is higher than e^x in the interval (1 , ∞) 


    Not sure what to call Geomancy, which is (approximately) a second-order polynomial in two variables, but without any squared terms.

    Talking about how they growth, MA and PA is a function of Lv, but this function isn't linear (it's defined as a recurrence relation: http://finalfantasy.wikia.com/wiki/Stat_growth_(Tactics)) so we cannot talk about a quadratic formula in terms of Lv
    « Last Edit: May 01, 2017, 06:49:37 PM by Rfh »
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    • [May 05, 2017, 10:40:55 PM]
    Re: "Quadratic" Ability Formulas
    « Reply #6 on: May 05, 2017, 10:40:55 PM »
    But it doesn't happen with a convergent infinite degree polynomial, like Taylor series.

    Polynomials by definition have finitely many terms. If it's "infinite degree", it's a convergent power series. In fact, e^x is described by a convergent power series.

    Quote
    it's defined as a recurrence relation: http://finalfantasy.wikia.com/wiki/Stat_growth_(Tactics)) so we cannot talk about a quadratic formula in terms of Lv

    Being a recurrence relation doesn't prevent it from being polynomial.

    In fact, FFT stat growth is linear.
    Code: [Select]
    MA_lv = MA_1 * (lv + MAC) / (1 + MAC)
    Not just roughly linear, but actually linear even with rounding, because the bonus per level is constant as long as you don't change jobs.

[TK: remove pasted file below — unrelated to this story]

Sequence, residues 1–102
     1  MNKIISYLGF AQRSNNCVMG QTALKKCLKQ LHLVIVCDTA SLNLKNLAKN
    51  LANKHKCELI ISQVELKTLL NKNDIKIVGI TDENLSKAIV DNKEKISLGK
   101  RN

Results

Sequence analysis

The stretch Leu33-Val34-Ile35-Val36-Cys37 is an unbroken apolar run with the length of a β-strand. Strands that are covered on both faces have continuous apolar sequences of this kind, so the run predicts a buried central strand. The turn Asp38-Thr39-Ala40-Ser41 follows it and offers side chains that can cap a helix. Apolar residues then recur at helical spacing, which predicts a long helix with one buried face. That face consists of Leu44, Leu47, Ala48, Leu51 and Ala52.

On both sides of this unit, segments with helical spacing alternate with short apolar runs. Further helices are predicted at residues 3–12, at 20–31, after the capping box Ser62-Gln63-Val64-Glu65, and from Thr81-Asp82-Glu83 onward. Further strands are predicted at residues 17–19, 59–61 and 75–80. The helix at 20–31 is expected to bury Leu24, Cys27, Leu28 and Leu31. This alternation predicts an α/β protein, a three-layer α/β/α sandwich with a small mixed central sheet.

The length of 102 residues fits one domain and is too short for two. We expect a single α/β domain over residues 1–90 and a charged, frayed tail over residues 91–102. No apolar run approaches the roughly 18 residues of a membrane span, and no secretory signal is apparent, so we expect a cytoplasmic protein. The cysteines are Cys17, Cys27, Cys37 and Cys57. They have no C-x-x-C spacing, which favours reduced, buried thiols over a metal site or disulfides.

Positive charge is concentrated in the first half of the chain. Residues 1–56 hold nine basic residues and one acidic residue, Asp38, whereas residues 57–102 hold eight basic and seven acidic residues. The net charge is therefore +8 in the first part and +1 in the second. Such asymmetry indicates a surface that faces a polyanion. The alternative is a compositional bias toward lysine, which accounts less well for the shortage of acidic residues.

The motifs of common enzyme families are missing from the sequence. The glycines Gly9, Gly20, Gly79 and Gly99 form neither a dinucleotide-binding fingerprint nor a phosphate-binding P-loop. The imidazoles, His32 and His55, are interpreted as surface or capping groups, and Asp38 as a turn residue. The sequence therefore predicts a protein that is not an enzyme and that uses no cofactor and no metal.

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    Rfh [Posts: 277]
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    • [May 06, 2017, 08:15:33 AM]
    Re: "Quadratic" Ability Formulas
    « Reply #7 on: May 06, 2017, 08:15:33 AM »
    Polynomials by definition have finitely many terms. If it's "infinite degree", it's a convergent power series.  In fact, e^x is described by a convergent power series.



    Yes, and the power series are considered a generalization of polynomials.
    In fact, you can easily see that the power serie of my last post is just e^x^2  :lol: :lol:

    Being a recurrence relation doesn't prevent it from being polynomial.

    In fact, FFT stat growth is linear.
    Code: [Select]
    MA_lv = MA_1 * (lv + MAC) / (1 + MAC)
    Not just roughly linear, but actually linear even with rounding, because the bonus per level is constant as long as you don't change jobs.

    I saw the dependence of level and RawStat and I thought that the recurrence relation cannot be lineal but in fact it's a constant growth.

    Your formula it's clearly the explicit solution of the recurrence relation:



    Thank you for realizing my mistake.  :P